By Andrew Devine Editor-in-Chief
UMF recently hosted campus and community members for a UMF Roundtable discussion of the issues that arise around “Statues, Memorials and Memory.”
The United States has been reckoning with its past these past few months, occasionally at a full-throated yell. The debate over the removal of the Confederate statues in Charlottesville and other cities has brought to the forefront difficult questions about what we wish to memorialize and why.
This event was sponsored by the UMF Division of Social Sciences and Business and the International and Global Studies Program. Scheduled UMF faculty participants included: Linda Beck, Linda Britt, Allison Hepler, Luke Kellett, Sarah Maline, Jean Oplinger, Jesse Potts, Michael Schoeppner and Anne Marie Wolf.
This panel was open to discussing that beyond Confederate memorials, other conflicts, such as the Vietnam War, are also controversial in the way they are memorialized. In an interview prior to the event, Professor Chris O’Brien, chair of the UMF Division of Social Sciences and Business, reviewed the planning for the event.
“The way that [roundtable events] work, if we’re good, is that they are responsive to immediate questions,” said O’Brien. “[Planning] actually happened after Charlottesville.”
There was a diverse crowd in attendance with representatives from the university, UMF students and community members. Hunter Kent, a UMF sophomore and Anthropology major, said this was a good thing.
“It’s interesting to hear other people’s perspectives of current events,” Kent said. “I have gone to several of the roundtables before and I found that they were really helpful and informative.”
One of the leading organizers of the roundtable event series, Nicole Kellett, Associate Professor of Anthropology, was part of a report done on the event by WABI TV5, Bangor.
“We really want to get the word out to bring other people into the fold, to hear diverse perspectives,” said Kellett. “Sometimes there can be an echo-chamber in university settings.”
Silence and uncertainty snuck into the conversation. O’Brien would describe this as the distance between the commentators at UMF and the monuments being discussed.
“It’s easy if one only thinks of confederate memorials, and one is located in Maine,” said O’Brien. “We’re proud of what Maine did during the Civil War; the confederate memorial question is somewhat distant. I think of memorials more broadly. There’s some real questions about what we choose to memorialize and why.”
Following the event, Michael Schoeppner, Assistant Professor of History, said the event went well.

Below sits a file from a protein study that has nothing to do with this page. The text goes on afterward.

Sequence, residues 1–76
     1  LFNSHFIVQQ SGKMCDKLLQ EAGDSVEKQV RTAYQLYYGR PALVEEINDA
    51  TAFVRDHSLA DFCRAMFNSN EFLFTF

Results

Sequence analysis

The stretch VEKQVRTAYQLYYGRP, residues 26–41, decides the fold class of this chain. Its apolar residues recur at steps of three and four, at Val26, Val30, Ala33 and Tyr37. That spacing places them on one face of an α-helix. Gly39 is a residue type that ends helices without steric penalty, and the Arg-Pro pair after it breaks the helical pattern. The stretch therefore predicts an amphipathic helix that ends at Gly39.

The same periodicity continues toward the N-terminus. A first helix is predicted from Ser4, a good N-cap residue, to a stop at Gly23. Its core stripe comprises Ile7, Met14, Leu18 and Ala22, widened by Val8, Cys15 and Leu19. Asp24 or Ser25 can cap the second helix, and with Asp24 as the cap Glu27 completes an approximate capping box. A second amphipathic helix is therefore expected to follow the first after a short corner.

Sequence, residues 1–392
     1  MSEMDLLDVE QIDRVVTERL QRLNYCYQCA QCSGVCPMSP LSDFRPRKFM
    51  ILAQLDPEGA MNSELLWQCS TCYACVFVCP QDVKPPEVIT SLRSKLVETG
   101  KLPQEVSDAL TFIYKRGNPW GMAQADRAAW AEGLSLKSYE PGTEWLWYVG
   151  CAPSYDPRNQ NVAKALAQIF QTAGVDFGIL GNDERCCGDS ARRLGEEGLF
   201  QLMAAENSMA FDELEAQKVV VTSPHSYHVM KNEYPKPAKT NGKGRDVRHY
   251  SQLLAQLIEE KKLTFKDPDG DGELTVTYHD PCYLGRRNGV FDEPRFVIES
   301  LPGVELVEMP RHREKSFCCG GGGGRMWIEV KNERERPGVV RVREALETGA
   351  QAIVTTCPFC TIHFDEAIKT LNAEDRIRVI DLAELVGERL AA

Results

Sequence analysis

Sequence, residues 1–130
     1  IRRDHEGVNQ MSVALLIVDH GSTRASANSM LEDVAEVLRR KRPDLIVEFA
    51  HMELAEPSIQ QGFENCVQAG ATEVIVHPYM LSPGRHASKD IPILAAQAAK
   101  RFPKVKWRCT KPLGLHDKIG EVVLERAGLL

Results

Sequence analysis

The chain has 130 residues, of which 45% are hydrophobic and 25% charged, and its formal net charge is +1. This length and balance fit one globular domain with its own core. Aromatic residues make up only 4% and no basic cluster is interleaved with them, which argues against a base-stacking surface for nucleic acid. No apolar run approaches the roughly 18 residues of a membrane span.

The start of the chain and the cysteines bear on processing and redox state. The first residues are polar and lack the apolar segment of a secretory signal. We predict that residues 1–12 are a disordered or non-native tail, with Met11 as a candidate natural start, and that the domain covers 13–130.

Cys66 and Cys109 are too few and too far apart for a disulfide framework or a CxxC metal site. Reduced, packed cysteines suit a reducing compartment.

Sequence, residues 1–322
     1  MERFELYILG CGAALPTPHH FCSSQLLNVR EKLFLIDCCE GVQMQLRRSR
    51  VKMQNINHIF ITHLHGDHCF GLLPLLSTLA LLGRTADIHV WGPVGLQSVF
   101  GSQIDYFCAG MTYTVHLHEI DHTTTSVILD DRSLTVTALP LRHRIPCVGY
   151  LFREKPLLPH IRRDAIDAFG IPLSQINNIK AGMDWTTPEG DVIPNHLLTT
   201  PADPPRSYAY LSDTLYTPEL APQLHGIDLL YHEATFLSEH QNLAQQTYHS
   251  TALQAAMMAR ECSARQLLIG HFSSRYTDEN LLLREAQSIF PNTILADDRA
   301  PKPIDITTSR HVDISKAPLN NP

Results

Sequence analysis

“I think it’s a healthy part of democratic politics to reexamine which stories deserve greater recognition in our contemporary discourse,” said Schoeppner.
To a similar degree, Kellett concluded in her separate interview that “it’s not a debate, it’s not looking at proving any particular stance, or having an answer by the end; but really to engage with the complexity of the issues.”
By Donald Hutchins IV, Contributing Writer
Historian, environmental activist, and peace advocate Maria Girouard of the Penobscot Nation recently spoke on campus about her experiences traveling to Standing Rock, the historical struggles of natives in America, and the hardships we face right here in the state of Maine. Students, faculty, and community members loaded the evening event with support and interest regarding the pipeline and ways to get involved.
Professor of Anthropology Gaelyn Aguilar introduced the event and speaker, concluding that, “this is not over.” Girouard bolstered that sentiment when she briefly discussed DAPL, but she quickly turned the focus to the Penobscot Nation and issues in Maine. The Penobscot River faces a different threat from pollution, and has also been disenfranchised from the tribe. Girouard traveled to Standing Rock in solidarity with the Lakota Sioux in 2016, but was disheartened to see so many traveling so far to be “active” when the same issues remain unaddressed in their own backyards.
In the state of Maine, alterations in the defining framework used to appropriate treaties disregarded the rights of the Penobscot Nation and restricted their use and affiliation with the river, which is a part of their people. “I feel like many Mainers do not know the significance of the situation being faced by the Penobscot people,” said junior Brian Wardwell. Girouard discussed the communities response with “the Penobscot River Case,” where judges eventually ruled against the tribe– in similar fashion with historical dealings between the American government and Natives.
Girouard also mentioned changes in regulations previously disallowing out of state waste disposal in Maine that have resulted in elevated waste levels near the Penobscot, which has impacted the river. “It was great to be informed on environmental and Native Rights issues so close to home, and to have an opportunity to hear the voices of the people most impacted,” said freshman Austin Garrett. “We must come together and honor our treaties with the people who called this home first,” he concluded.